Molerats hackers, a Palestine-aligned APT group tracked as TA402 are using new malware called NimbleMamba in a cyber-espionage campaign. It leverages geofencing and URL redirects to legitimate websites.
According to Proofpoint who discovered the campaign, there are three variations of the infection chain, that target governments in Middle Eastern countries, foreign policy think tanks, and a state-owned airline.
The group first used the NimbleMamba in November 2021 and continued the operation until late January 2022 with cyber attacks.
The group carries out spear-phishing email campaigns that contain links to malware-dropping sites. To execute the malware the victims need to be within the targeted scope or are redirected to legitimate news sites.
A copy of NimbleMamba is dropped on their system inside a RAR file once the target’s IP address matches the defined targeted region.
As mentioned earlier, the researchers have found three different chains with slight variations concerning the theme of the phishing lure, the redirection URL, and the malware-hosting sites.
TA402 first used NimbleMamba to replace LastConn, a backdoor and malware downloader in June 2021, according to the Proofpoint report. Incidentally, LastConn replaced SharpStage, exposed by Cybereason, in December 2020.
The TA402 is capable of developing new tools which can be seen from the fact that they go through a period of distinct hiatus when they refresh after their existing set is uncovered.
NimbleMamba has a few similarities with LastConn, though these are limited to the programming language, C2 encoding scheme, and the use of Dropbox API for communications.
It comprises more sophisticated anti-analysis systems and contains multiple guardrails to ensure that it only executes on targeted machines. This means the host needs to have an Arabic pack installed on their systems. The malware needs to connect to four IP geolocation API services, else it won’t run.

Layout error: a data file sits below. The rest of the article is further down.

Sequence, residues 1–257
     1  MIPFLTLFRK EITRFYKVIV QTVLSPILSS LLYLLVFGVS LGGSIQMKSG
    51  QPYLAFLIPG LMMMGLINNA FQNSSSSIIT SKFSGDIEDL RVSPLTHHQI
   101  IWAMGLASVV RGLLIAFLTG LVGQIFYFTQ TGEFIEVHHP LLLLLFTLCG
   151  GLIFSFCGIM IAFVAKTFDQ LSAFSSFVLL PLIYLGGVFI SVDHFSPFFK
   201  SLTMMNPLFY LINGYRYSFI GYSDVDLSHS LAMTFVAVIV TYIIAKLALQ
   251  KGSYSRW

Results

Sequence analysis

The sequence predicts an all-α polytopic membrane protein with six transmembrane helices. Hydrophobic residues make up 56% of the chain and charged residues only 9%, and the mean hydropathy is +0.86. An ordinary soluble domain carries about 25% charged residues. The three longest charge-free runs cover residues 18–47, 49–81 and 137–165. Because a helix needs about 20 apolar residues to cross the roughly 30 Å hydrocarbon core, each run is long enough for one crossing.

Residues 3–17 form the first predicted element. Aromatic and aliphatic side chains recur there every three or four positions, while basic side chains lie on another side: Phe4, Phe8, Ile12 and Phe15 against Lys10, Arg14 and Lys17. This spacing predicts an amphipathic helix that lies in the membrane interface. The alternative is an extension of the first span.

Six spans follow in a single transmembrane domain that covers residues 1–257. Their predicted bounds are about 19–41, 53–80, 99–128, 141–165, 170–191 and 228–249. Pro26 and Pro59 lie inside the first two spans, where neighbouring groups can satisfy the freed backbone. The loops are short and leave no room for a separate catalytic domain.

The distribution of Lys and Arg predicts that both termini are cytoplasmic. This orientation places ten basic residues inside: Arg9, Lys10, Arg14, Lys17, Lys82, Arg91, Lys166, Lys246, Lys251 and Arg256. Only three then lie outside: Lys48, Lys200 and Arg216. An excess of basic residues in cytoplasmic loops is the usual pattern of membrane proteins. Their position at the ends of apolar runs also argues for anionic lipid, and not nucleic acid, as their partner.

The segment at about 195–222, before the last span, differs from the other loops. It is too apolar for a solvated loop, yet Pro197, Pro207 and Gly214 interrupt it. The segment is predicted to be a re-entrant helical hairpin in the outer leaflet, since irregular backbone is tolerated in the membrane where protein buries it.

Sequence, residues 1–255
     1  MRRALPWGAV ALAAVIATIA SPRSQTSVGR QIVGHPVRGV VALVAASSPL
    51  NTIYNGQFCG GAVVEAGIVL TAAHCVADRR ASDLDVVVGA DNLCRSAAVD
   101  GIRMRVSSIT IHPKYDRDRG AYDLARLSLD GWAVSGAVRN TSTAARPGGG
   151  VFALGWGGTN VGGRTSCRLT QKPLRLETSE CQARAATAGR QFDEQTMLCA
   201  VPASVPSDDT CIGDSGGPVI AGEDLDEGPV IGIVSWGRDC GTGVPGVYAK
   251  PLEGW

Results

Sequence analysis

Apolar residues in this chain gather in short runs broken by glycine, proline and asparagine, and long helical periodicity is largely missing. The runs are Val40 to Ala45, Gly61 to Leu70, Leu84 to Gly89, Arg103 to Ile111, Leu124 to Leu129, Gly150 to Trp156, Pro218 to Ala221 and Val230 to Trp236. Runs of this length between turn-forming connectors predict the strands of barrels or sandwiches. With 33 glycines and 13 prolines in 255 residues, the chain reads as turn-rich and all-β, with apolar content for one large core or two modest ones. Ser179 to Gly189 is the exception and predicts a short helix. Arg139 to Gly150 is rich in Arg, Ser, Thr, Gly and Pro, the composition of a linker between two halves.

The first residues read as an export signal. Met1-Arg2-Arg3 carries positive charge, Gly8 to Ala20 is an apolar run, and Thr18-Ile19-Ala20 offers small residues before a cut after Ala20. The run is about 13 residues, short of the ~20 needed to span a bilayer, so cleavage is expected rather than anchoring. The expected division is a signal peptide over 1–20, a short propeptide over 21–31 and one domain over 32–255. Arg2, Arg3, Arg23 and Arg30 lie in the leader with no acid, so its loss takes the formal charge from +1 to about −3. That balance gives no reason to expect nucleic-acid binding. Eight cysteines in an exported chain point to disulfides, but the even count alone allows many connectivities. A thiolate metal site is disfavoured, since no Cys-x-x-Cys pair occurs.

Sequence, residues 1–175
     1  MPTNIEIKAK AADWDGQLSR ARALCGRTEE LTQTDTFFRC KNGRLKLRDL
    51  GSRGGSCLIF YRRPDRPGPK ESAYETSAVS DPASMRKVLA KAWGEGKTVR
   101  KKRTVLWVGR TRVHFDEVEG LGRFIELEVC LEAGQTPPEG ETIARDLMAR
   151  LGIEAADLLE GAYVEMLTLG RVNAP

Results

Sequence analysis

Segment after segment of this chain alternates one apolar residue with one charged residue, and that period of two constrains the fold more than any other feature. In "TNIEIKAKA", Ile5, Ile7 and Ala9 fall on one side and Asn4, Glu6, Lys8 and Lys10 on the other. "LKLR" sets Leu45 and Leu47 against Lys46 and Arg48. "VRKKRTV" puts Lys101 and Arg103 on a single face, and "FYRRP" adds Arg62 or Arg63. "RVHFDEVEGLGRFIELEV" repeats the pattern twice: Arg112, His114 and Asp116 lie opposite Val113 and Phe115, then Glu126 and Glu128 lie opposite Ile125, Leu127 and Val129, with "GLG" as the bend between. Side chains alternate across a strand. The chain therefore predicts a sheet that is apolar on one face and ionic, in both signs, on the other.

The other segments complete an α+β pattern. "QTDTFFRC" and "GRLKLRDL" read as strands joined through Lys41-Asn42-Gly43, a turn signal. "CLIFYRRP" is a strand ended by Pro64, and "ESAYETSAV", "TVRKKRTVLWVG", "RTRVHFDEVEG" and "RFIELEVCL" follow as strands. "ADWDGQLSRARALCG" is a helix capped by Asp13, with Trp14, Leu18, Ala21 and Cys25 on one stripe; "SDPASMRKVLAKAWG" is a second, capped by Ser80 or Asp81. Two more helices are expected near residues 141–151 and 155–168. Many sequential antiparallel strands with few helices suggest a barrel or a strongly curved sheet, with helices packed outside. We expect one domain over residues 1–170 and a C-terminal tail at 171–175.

Once the initial criteria are met, NimbleMamba retrieves its configuration from a JustPaste.it page. It contains the obfuscated API auth key for C2 communication.
Proofpoint in a report explained, “NimbleMamba has the traditional capabilities of an intelligence-gathering trojan and is likely designed to be the initial access. Functionalities include capturing screenshots and obtaining process information from the computer. Additionally, it can detect user interaction, such as looking for mouse movement.”
The researchers discovered NimbleMamba is not the only malware present in the RAR files fetched from DropBox, it also has the BrittleBush trojan, which is most likely used as a backup tool.
With their latest tool uncovered, TA402 is expected to go dormant for a while before bouncing back with renewed and powerful tools.
The domains used to deliver NimbleMamba and C2 communications have been taken offline. One thing to keep in mind is the bad actors in this case have a specific target, serve the same pro-Palestinian objectives, and use mainly phishing emails to initiate the infection chain.
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